SYNOPSIS & DEMOS
(For slower connections: click the GOLD MOUNTAIN logo below to listen using SoundCloud.)
It is mid-autumn 1866 in a worksite on a hillside in the Sierra Nevada. JIANG lowers his sledgehammer and sings. He is the Chinaman foreman of a team of Chinese laborers working on the Central Pacific Railroad. They are building the western half of the first transcontinental railroad in the US. It is hot, dusty and the worksite is nothing but rocks and dirt, stripped of all vegetation.
Scene One -
The Irish American foreman brings two newcomers to the worksite, a young man, LIT NING, and his father. They are greeted formally by their fellow countrymen and WONG, the resident cynic, warns them about life on the mountain - "There Are Many Ways to Die". Wong is interrupted by Jiang and CHU, the facilitator and scholar of the camp, who have plans for Lit.
Having completed his first successful fuse run to congratulations from the other men, Lit is sent off to rest his legs until he is needed again. As the other men head back to work, removing debris and continuing construction, Lit's father, who Lit addresses as "BA", stops his son for a private moment.
Scene Two -
Lit heads over the hill from the worksite to rest and finds himself on a green bluff, pristine and untouched -
in stark contrast to the other side.
Scene Three -
Two weeks later, Lit continues to survive as the fuse runner. The Irish American foreman comes for a visit, accompanied by a woman from the local brothel, wearing a sun bonnet that obscures her face. Catcalling, whistles and much excitement spread through the site, but when the foreman pulls the sun bonnet back from her face, the woman is revealed to be Chinese. The men are immediately silenced, stunned by her appearance as women and children from China were not allowed into the US at the time, the exception being women who were owned as property. Lit stares, and Ba, noticing, sends him over to the green bluff to rest. As the woman and the foreman leave, shock turns into shame, anger, and a longing for home.
Scene Four -
Another week has gone by. Lit has just finished another fuse run and is crossing over the hill into the green bluff. He encounters two men from the work camp practicing Chinese opera moves - LOONG, a theatrical practitioner of his art and LO, an enthusiastic but graceless protege. Lit formally introduces himself to the older Loong, who immediately chastises Lit for littering in their artistic space, and the two men head back to the worksite, leaving Lit to his rest, stretching, and calisthenics until the next fuse run. During a particularly vigorous bout of exercise, Lit hears stifled laughter coming from behind a boulder and uncovers the woman from the brothel, YOOK MEI, who had been hiding, watching the opera men practice. To her surprise, Lit does not shun or shame her, but politely introduces himself. They begin to converse, but the when Lit brags about his dangerous job, Mei grows angry, pointing out his recklessness in endangering himself.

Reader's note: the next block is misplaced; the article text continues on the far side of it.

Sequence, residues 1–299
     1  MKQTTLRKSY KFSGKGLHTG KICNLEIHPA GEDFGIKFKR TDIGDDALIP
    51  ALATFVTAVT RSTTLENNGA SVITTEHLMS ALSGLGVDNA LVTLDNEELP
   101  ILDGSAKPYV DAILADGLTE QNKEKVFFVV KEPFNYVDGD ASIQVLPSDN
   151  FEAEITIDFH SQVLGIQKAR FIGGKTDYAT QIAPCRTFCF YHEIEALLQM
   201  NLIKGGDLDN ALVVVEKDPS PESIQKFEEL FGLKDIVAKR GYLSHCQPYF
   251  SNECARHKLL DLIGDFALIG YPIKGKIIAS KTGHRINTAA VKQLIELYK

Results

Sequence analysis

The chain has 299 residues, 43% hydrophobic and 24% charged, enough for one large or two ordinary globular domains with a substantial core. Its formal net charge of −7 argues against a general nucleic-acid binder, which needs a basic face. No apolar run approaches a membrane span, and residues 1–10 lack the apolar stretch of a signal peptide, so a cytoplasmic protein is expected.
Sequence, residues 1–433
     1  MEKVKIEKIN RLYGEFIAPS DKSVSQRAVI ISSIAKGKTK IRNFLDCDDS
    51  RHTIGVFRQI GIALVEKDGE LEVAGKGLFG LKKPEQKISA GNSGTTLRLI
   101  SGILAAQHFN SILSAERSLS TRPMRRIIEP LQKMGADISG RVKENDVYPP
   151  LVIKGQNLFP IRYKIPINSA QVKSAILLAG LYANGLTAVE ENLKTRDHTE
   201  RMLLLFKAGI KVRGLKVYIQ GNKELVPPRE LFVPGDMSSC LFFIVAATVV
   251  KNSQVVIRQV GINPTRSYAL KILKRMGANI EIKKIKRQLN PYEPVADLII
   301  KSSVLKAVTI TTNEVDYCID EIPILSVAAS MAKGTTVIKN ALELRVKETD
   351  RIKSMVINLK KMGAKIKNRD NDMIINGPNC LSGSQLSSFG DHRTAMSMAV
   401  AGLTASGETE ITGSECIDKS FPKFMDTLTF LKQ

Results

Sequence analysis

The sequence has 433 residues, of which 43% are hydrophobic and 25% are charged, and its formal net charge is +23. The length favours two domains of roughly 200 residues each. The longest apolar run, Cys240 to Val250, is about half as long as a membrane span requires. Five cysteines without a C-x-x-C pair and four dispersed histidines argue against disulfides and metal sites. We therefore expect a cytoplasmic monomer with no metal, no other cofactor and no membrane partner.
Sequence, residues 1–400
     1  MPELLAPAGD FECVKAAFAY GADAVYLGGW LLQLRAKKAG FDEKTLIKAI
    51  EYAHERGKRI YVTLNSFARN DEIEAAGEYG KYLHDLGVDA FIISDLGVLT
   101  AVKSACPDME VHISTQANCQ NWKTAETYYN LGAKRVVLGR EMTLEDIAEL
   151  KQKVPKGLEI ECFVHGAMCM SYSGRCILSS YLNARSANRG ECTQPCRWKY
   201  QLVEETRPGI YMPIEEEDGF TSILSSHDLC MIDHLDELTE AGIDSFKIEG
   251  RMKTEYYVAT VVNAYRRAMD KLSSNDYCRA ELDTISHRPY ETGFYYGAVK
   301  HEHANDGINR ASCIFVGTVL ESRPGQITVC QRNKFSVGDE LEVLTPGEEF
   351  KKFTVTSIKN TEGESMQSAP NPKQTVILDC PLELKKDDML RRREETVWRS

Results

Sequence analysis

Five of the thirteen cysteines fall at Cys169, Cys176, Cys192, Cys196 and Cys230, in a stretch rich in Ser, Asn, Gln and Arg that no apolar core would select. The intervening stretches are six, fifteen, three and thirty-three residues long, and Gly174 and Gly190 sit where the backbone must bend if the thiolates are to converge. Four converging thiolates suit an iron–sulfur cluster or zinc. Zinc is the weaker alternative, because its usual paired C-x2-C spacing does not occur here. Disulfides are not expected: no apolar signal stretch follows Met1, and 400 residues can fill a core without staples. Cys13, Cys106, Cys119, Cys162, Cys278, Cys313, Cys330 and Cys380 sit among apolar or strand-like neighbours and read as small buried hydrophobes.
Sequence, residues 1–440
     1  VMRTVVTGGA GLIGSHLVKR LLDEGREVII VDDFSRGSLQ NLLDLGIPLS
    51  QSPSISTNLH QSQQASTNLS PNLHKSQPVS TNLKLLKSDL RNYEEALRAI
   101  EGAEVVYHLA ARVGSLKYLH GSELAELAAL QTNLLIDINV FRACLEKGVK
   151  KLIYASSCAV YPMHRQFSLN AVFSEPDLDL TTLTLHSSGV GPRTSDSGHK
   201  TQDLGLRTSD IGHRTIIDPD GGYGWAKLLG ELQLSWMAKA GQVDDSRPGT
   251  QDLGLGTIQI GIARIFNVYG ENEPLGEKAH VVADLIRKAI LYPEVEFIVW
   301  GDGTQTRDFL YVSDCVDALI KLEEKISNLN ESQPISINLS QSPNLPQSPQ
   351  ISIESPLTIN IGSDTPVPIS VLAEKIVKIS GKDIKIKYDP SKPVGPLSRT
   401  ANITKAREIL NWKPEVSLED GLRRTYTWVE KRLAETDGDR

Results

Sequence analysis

Scene Five -
Fourth week. Lit sits and watches Loong and Lo finishing up a practice session on the green bluff, while he eats his lunch. When the opera men return to work, Mei reveals herself. Lit offers her an apple and tells her how glad he is that she returned after their last encounter. A friendship begins and feelings deepen as they converse. Mei tells Lit that she's been thinking about his fuse running and is worried that as the tunnel gets deeper, he won't be able to get clear to safety in time. They are interrupted by a whistle from the other side of the hill, a signal for Lit to return to the work site for a fuse run. After Lit leaves, Mei decides to follow him over the hill and hides behind some brush, looking down on the worksite to watch. Tension builds. Lit enters the tunnel. There is an explosion from within and a mining cart shoots out of the tunnel, falls over onto the tracks, and reveals Lit safely ensconced inside, protected from the blast. The men immediately break into cheers, praising him for his cleverness and celebrating his continued survival.
Scene Six -
Another day, much later. We find Lit on the green bluff, daydreaming, humming to himself and in a very good mood. Mei enters feeling self-conscious; she is not dressed in her customary western brothel attire, but in simple Chinese villager clothes, a top and pants. Her hair is down in two plaits and her face unpainted. It is simple, authentic beauty, and Lit is, for once, quieted. She explains that her other clothes have been packed away, that they are closing up for the upcoming winter and leaving for Sacramento the next day. Lit shares that he and the other laborers are going continue working in the mountains for the winter and living in the tunnels for protection from the extreme weather. Mei is horrified, but he tells her that they have no choice in the matter. Lit tries to cheer her up with some dark humor and then teasing. He jokes that her eyes are going to change color and shape because of her proximity to the "demonesses" she works with, resulting in a moment where they find themselves face to face.